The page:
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Greenwashing claims led to raids at Deutsche Bank and its DWS unit

German prosecutors raided the offices of asset manager DWS and Deutsche Bank, which owns most of it, on Tuesday. The raids were done because investors may have been misled about “green” investments, the prosecutors said.

DWS and Deutsche Bank said that the asset manager had worked with authorities and regulators in the past and would continue to do so in the future. DWS has denied many times that it lied to investors.

The prosecutors said they were looking into reports in the news and claims from a whistleblower that DWS sold investments as “greener” or “more sustainable” than they really were. This is called “greenwashing.”

The German prosecutors said that there was “sufficient factual evidence” that environmental, social, and governance (ESG) factors were taken into account in a small number of investments but not at all in a large number of investments, which was different from what was said in DWS fund sales prospectuses.

Last year, the Securities and Exchange Commission and the German financial watchdog BaFin started separate investigations into claims made by DWS’s former head of sustainability that the company was lying about how it used sustainable investing criteria to manage investments.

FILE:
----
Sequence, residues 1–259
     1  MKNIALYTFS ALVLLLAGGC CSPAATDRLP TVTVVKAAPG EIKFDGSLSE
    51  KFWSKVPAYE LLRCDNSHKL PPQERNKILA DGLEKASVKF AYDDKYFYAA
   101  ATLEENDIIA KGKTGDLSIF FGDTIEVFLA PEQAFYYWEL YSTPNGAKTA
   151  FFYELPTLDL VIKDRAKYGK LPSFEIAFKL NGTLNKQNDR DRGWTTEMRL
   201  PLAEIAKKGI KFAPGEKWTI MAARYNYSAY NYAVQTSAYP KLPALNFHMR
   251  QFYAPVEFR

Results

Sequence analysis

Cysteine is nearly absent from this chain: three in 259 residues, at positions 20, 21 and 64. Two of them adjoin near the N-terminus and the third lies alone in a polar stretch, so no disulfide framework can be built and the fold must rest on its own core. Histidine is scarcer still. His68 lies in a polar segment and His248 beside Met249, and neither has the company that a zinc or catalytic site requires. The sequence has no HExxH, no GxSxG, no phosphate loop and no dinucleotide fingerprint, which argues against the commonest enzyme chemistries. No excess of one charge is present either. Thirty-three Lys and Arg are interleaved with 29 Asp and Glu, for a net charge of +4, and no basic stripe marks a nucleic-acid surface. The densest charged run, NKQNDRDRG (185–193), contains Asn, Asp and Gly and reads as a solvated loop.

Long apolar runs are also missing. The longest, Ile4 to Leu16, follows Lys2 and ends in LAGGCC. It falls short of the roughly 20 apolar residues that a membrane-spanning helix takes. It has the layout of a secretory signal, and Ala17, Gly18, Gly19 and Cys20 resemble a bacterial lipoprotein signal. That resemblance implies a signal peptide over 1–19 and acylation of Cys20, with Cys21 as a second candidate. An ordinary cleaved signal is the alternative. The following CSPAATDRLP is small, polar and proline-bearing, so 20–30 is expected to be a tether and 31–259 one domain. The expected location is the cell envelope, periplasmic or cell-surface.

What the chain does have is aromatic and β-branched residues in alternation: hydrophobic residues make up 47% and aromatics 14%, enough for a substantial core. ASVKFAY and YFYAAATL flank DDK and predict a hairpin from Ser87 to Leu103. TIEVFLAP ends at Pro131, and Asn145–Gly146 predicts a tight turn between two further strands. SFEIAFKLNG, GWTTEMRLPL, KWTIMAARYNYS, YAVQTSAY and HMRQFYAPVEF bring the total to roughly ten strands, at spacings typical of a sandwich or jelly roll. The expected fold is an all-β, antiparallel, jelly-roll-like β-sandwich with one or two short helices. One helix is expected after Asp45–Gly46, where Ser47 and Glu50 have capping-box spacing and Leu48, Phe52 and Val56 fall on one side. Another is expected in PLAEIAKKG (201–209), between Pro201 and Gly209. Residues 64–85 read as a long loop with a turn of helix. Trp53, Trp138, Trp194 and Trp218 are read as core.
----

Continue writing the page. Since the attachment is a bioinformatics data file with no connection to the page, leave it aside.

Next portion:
It was the first time the German prosecutors had said in public that they were part of the investigation.

Regulators and policymakers have promised to crack down on companies that make false claims about how sustainable their products are in order to take advantage of the growing demand for ESG investing.

So far, not much has been done to enforce the law, but watchdogs are starting to tighten the screws. Last week, the SEC said that BNY Mellon Investment Adviser had paid $1.5 million to settle charges that it misrepresented ESG investment policies for some mutual funds it managed.

Deutsche Bank logo

The SEC has proposed two rule changes that would make it illegal for ESG funds to make claims that aren’t true. At the same time, the EU’s markets watchdog is working on a legal definition of “greenwashing” that would be used to enforce the law.

Fund managers have quickly gathered billions of dollars in assets that are supposed to be good for the environment or society. This has led to more scrutiny of how companies define and use ESG standards.

All parts of the financial industry keep an eye on ESG claims. The Financial Times said last month that ads for green initiatives by HSBC were being looked at by the UK’s advertising watchdog.

Prosecutors say that about 50 people, including people from BaFin and the federal police, took part in the raid on DWS on Tuesday.

In Germany, it is hard to prove that a company did something wrong, but prosecutors often start investigations.

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Akanksha Jain

Akanksha Jain love to learn new stuff every day. With a background in computer science and a passion for writing, she loves writing for Startup, Business sections of Editorials99.

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